on with both hands. She saw her father shaking his head, the temperature
gauge needle touching the danger line of her hatchback during the long,
solitary road trip to the beach. She heard all the voices that said it
was a foolish thing, a waste of a dream, an aspiration with no pay-off.
And then she laughed.
"My hat," she said, "I don't want to ruin
For whatever else she might lose along
the way, Whacker transformed into a soothing collision of liquid and solid,
finally, luckily in his ion exchange he had been trying to score from
day one -- and her, the rain, the beach sands soggy, shifting -- she would
not give up her designs, the charcoal pencil strokes now moving through
The house was the same. The
trees and shrubs were now huge and concealed the exterior, as my father
had always planned. The house was not deteriorated, but it was on the
edge. The sidewalk was cracked and raised, lifted by roots. The asphalt
of the driveway spotted with sunken puddles. There were razor-sharp outlines
of light from the row of glass panels on the main garage door. The windows
had been blackened with contact paper. I went passed the house, down the
narrow path next to the driveway, and opened the side door.
"Jim!" a gigantic fat man came toward me. It wasn't until he grabbed me
by my shoulders did I realize it was my brother, Paul. He was as slim
as I was when I last saw him.
"Paul," I said, "Jesus, what happened?" I couldn't believe his hugeness;
big round abdomen and wide flabby arms. He must've been five hundred pounds
if an ounce.
"And you, you're missing some parts." He patted my back and led me to
the others, sitting around a folding table, each fatter than the next.
"Let me introduce you to the officers of the organization and members
of the band."
"The Vice President, Harold Messers, bass." They each stood or stepped
forward to shake my hand. "Tom Barinsky, Treasurer, keyboard. Miss Mary,
Coordinator, percussion. And the Secretary, Cathy Hancock, lead vocals.
This is my long lost brother, Jim. Hadn't seen him in nine years."
"Ten," I said. "But what's this organization? A band?"
"Didn't you see the sign outside?" Harold said, sweat rolling down his
"No, I didn't see it."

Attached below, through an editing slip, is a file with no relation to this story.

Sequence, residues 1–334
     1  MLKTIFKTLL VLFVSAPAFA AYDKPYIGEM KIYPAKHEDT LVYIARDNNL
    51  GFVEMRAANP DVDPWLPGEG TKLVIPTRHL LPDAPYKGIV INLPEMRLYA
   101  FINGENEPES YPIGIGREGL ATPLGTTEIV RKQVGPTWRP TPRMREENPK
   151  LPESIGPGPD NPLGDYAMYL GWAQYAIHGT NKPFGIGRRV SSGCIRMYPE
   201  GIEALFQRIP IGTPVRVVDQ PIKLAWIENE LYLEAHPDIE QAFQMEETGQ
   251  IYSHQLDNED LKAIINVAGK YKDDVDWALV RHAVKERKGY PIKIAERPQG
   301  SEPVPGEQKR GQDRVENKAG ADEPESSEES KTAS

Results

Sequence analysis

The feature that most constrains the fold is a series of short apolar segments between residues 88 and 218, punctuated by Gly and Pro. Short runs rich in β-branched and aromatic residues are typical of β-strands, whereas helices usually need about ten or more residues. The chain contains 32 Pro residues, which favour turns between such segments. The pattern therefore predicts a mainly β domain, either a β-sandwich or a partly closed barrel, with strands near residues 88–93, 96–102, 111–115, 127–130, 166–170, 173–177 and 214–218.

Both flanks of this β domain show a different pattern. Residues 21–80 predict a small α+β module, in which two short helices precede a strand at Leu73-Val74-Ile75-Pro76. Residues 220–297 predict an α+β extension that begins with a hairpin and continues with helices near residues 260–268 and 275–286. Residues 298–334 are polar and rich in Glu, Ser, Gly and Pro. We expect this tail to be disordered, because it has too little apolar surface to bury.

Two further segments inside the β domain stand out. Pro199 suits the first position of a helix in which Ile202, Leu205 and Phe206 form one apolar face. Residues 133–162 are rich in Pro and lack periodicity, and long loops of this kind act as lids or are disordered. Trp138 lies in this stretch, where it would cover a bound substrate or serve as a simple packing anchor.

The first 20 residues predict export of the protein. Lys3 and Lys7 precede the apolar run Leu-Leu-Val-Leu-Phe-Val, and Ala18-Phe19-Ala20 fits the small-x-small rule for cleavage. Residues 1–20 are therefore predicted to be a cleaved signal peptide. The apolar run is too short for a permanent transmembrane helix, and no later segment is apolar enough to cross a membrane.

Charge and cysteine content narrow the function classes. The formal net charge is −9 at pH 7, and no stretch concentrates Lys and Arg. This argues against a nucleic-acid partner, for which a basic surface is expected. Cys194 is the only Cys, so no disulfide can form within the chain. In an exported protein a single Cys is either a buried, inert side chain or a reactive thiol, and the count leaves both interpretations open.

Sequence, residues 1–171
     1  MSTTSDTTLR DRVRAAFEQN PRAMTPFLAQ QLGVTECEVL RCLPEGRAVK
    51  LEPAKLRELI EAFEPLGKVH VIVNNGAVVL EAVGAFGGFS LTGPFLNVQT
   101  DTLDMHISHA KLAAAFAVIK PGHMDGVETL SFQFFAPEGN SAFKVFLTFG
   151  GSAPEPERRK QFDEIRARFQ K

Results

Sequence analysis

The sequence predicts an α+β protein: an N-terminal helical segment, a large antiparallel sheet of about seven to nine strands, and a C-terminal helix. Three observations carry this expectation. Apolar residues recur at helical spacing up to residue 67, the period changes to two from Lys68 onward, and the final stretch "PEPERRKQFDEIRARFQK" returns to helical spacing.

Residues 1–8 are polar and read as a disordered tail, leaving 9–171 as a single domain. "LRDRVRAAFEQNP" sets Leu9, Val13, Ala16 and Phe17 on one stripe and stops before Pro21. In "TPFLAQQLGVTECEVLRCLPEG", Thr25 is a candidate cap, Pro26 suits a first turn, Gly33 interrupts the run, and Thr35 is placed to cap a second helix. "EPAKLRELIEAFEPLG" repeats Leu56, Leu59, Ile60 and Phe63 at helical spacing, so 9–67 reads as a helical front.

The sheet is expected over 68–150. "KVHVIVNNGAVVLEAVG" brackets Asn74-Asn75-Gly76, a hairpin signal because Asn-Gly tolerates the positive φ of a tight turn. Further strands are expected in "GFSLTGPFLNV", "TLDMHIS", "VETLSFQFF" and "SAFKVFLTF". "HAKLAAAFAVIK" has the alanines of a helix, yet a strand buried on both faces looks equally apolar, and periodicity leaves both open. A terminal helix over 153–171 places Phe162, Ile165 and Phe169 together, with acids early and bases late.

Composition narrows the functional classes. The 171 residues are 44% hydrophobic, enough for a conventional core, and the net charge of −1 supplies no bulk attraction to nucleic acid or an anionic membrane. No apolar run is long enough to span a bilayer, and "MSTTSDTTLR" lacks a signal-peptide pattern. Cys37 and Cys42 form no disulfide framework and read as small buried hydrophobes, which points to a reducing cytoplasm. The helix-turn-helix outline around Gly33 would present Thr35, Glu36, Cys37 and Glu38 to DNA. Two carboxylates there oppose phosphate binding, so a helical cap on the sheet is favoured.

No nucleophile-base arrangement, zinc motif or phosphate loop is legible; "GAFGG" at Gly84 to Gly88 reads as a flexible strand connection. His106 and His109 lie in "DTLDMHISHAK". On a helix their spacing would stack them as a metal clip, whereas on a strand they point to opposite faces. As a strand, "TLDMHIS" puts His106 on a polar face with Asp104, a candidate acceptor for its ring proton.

"G.T.Y.B.C.A., that's the name of our group. It stands for, GO TILL YOU
BUST CLUB OF AMERICA," said Paul.
I wanted to ask if he serious, waited for a poke in the ribs, some clue
that he was Paul, the brother I grew up with.
"Our membership is up to twelve hundred," said Miss Mary, sitting on a
stool with her dress up to her crotch. "You've turned the garage into
a studio," I said.
"We're in the process of shooting a music video right now," Harold said.
"Harold's a good photographer, too. Perhaps you've seen that poster?"
Paul pointed to a framed poster of a very fat woman in teddy lingerie
hanging on the wall, a Gibson guitar hanging from her neck. "Sold ten
thousand copies of that poster."
"That's something," I said. "People are realizing that in this present
society, with all its pressure, there is only one way to live," Cathy
"Go till you bust," smiled Tom, going to a keg of beer and filling a quart
"Get a mug for Jim. I'd like to make a toast to his return." Paul waddled
to the keg and filled mugs for everyone.
Miss Mary was eating mouthfuls of Hershey's candy kisses. She added each
silver wrapper to a larger ball.
"How long did it take you to make that?" I asked.
She couldn't talk with a mouthful of chocolate bulging her cheeks. When
she spoke, a line of brown saliva ran down her chin. "One week." The silver
candy-foil ball was the size of a grapefruit.
They all stood around me in a circle. Each hoisting a large mug equi-distance
from their mouths.
"In order to make the toast significant," smiled Cathy. Her head was alarmingly
small in comparison to her body. "One must consume the entire portion
of ale in a single lift of the mug."
"All right, everyone ready?" Paul said. "To my brother, Jim, to whom I
offer a ball busting welcome."
They began gulping. I lowered it after a mouthful but none of the others
slowed or hesitated. Harold finished first, letting out a loud belch.
A second later he let go an even louder ass-clap, stomped his foot and
laughed. This caused Miss Mary and Cathy to stop with a spitting fit of
laughter, spraying everywhere. Tom and Paul persisted until they were
"Three out of six," said Harold. "No good. We got to do it again."
I stood awkwardly in the converted garage, and tried to recognize some
aspect of it from my youth. The far corner was the place where the box
with wiffle, stick-ball and baseball bats had been kept, there our bicycles,
skate boards, pogo-stick. That wall had the tools, the rakes, snow shovels,
dandelion forks -- everything for our strictly enforced schedule of weekend
I watched them drink more, and eat pizzas from a full size oven. Paul
explained he purchased the oven from the pizza-palor in town when it renovated.
They discussed how beer and pizza was the best combination to achieve
a truly bloated feeling, increasing the stomach's capacity, allowing more
to be eaten the next day. Cathy showed me a plaque with the group's manifesto
and explained how they were really a band of revolutionaries, going against
everything society wanted people to believe.
"Our movement revolts against the corrupt establishments of medicine,
religion, fashion, and the media. In the future, we may very well be considered